In Thailand, they use "555" instead of "lol" (I know, not emoticons ... still related) because five in Thai is pronounced "Ha!" 555 = Ha ha ha!

Re:The one I hate (1)

deftcoder (1090261) | more than 7 years ago | (#19102479)

Germans use ^^ like it's going out of style... I've never seen an American, Brit, Canadian, etc. use it.

Ve haff vays of making you smile. (0)

Anonymous Coward | more than 7 years ago | (#19102797)

German smiley?
>:-=(

Re:The one I hate (1)

dosius (230542) | more than 7 years ago | (#19103223)

You've never been around my IRC channel. :P

A lot of us there use ^^ or variants on it, and a lot of us are American (not all of us though!)

-uso.

Re:The one I hate (2, Informative)

BrewedInTexas (971325) | more than 7 years ago | (#19102525)

I picked that up from Japanese playing FFXI. ^^ is just short form for (^.^)

Re:The one I hate (0)

Anonymous Coward | more than 7 years ago | (#19102949)

So what is (^.^) - the Japanese way of saying (_@_)?

Re:The one I hate (1)

pipingguy (566974) | more than 7 years ago | (#19103065)

Why don't we all just use a generic short form for everything and just type

.

If anyone asks you can always say, "I thought you knew what I meant!".

Only one response to that (1, Funny)

Anonymous Coward | more than 7 years ago | (#19102301)

:P

D'uhhhhhhhhh (4, Informative)

Xtense (1075847) | more than 7 years ago | (#19102303)

Well, ain't it obvious? It's not like the Internet is some sort of global village or something...

Oh, wait...

Alas, if you think you saw emoticons, just google for Shift_JIS art, especially of the 2chan kind (there's some on en.wiki, but it's mostly the copy-pasted stuff). For what I know, that BBS is, and i quote, "f*****g huge". It's more than a subculture, but less than a culture of it's own. If i recall correctly, they've even written a book and have their Shift_JIS creatures roaming some japanese TV programs.

/b/tards (-1)

deftcoder (1090261) | more than 7 years ago | (#19102489)

/b/ on 4chan.org is far more fun than 2chan...

Re:/b/tards (4, Insightful)

Mikachu (972457) | more than 7 years ago | (#19102507)

Rules 1 and 2, asshat. :P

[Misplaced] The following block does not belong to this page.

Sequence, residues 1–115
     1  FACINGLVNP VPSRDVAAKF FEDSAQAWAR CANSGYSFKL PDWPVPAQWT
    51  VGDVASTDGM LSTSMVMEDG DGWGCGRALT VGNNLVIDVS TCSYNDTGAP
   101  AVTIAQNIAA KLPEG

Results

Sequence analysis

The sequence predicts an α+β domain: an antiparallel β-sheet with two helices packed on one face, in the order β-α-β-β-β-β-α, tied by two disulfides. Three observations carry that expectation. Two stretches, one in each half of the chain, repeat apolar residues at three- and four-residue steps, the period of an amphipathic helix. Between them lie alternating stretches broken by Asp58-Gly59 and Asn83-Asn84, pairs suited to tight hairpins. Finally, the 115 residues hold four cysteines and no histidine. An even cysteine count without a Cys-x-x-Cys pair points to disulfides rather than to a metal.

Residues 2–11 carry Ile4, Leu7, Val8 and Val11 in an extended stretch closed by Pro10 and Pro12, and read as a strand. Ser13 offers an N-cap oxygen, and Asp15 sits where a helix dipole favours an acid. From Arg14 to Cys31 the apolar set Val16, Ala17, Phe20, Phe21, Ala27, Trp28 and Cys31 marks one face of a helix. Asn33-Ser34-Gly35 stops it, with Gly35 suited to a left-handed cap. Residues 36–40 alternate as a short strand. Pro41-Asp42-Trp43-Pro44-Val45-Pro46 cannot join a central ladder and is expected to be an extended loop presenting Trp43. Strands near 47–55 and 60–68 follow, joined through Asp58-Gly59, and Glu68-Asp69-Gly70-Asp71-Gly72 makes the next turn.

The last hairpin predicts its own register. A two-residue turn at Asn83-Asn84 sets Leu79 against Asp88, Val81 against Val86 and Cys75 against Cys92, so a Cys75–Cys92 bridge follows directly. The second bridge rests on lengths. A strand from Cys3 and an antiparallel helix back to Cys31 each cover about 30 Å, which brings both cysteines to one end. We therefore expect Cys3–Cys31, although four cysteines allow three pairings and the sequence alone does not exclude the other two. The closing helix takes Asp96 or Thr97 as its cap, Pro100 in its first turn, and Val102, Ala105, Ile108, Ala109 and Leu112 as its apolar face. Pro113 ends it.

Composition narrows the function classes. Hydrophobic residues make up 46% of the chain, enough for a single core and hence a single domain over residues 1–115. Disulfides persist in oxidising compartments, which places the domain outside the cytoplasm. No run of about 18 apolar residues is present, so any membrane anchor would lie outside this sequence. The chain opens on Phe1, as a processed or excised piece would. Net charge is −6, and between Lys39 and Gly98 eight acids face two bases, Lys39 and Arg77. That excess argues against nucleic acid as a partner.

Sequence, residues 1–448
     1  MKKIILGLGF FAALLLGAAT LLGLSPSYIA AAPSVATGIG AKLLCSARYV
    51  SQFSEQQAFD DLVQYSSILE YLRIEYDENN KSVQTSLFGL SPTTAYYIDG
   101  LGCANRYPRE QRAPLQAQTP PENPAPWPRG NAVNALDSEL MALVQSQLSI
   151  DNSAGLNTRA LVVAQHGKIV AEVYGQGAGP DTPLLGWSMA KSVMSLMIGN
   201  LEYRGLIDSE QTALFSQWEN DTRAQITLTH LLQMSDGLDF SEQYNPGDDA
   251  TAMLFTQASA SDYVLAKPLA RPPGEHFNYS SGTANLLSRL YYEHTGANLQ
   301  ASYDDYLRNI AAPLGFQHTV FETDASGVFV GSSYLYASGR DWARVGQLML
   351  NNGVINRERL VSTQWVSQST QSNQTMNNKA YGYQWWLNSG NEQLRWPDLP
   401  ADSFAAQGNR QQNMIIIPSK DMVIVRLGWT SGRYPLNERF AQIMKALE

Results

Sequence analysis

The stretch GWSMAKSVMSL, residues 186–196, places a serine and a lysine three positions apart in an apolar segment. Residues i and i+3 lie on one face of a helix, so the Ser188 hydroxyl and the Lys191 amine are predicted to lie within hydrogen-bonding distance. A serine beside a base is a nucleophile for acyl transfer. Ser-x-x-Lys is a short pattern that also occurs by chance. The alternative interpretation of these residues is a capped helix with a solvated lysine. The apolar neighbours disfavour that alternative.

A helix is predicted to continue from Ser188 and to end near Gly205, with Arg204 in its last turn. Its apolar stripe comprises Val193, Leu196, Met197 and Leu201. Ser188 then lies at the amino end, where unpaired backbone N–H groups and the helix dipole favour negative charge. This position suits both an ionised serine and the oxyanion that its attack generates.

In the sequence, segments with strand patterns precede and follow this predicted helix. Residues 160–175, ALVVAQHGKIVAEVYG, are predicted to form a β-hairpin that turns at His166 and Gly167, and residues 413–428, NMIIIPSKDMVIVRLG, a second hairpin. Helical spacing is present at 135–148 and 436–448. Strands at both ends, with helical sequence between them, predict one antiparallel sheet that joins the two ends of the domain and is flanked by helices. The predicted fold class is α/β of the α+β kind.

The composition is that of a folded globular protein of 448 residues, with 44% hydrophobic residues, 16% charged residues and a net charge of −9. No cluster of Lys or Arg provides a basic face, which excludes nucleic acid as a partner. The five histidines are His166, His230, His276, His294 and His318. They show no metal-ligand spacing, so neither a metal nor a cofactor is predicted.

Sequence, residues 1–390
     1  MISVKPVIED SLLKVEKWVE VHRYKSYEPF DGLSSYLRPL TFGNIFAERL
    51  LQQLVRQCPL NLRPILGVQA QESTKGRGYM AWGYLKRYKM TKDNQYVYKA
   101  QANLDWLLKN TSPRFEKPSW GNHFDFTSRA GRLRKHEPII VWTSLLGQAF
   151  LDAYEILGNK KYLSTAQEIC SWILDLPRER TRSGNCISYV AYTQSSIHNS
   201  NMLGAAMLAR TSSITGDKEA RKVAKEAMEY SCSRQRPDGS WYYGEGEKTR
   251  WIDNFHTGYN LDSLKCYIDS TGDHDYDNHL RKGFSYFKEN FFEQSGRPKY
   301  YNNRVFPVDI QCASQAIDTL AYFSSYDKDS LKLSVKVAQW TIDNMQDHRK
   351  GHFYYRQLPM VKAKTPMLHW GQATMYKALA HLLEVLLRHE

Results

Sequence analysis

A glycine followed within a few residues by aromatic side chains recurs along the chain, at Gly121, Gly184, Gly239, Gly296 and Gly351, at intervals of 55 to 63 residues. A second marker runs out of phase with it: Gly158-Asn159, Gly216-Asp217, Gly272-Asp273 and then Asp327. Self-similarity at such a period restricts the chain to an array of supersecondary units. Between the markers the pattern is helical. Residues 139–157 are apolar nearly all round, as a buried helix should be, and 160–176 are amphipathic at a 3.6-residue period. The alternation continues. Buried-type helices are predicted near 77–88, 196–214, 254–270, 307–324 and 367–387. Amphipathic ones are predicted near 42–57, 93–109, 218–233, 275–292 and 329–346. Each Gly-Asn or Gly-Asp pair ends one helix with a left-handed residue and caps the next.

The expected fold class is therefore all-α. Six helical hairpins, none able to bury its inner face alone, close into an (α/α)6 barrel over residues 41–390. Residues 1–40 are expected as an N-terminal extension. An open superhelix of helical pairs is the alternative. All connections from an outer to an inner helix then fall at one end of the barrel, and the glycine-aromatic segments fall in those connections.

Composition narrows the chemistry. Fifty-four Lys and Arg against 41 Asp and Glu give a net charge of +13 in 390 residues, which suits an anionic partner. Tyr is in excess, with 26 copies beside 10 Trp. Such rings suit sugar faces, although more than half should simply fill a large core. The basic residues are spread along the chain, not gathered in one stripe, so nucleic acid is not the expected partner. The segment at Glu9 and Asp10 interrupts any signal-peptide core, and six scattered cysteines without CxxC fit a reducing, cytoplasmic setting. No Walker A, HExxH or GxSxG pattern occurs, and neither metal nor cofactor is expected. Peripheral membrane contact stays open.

Re:/b/tards (-1, Troll)

Anonymous Coward | more than 7 years ago | (#19102809)

gtfo namefags

Re:/b/tards (0)

Anonymous Coward | more than 7 years ago | (#19102907)

doing, it, wrong etc.

Re:/b/tards (-1, Troll)

Anonymous Coward | more than 7 years ago | (#19103173)

You are not Anonymous. So shut the hell up, you wasted orgasm.

Re:/b/tards (-1, Troll)

Anonymous Coward | more than 7 years ago | (#19103219)

You are the fucking cancer, and this is no joke. Please GTFO and never come back.

In my culture... (0)

Anonymous Coward | more than 7 years ago | (#19102307)

Emoticons are replaced by little images that are supposed to look prettier.

But then you change the client and that new client has new images and your emoticons don't look pretty anymore.

It's like with fashion and anorexia and real people who prefer oldskool emoticons.

That's interesting. (2, Insightful)

asninn (1071320) | more than 7 years ago | (#19102309)

That's interesting, because when I use emoticons, I generally tend to use the eye-emphasising forms - ^_^, ^.^ or even ^^. In fact, I'm using the first of these considerably less often than the latter two, where the eyes are even more prominent and all other facial features are reduced to just a single dot (representing the nose, in my interpretation) or removed entirely.

It also depends on the context, though; the less personal the context is, the more I tend away from these emoticons. In very formal contexts, I wouldn't use any at all, of course, but in the area between "all emoticons are frowned upon" and "100% personal" (Slashdot would be a good example), I tend more towards things like :) and so on.

Interestingly enough, for me at least, there's also been a definite change over time; back in my BBS/FidoNet days, I used dashed forms like :-) pretty much exclusively and despised the dashless versions, but over time, I first shifted to the dashless versions, and then away from those as well and to the caret emoticons.

And I'm not even Japanese. (I'm not a US-American, either, of course, but I think that in terms of fundamental cultural issues like this, US-Americans in general are still close enough to us Europeans for the study to apply to us as well.)

Re:That's interesting. (4, Funny)

Mylakovich (1101285) | more than 7 years ago | (#19102325)

Interesting indeed! Facinating, even! What a unique and special person you are.

Re:That's interesting. (-1, Flamebait)

ricotest (807136) | more than 7 years ago | (#19102593)

Indeed. GP should be rated -1 Who Gives a Shit.

Re:That's interesting. (1)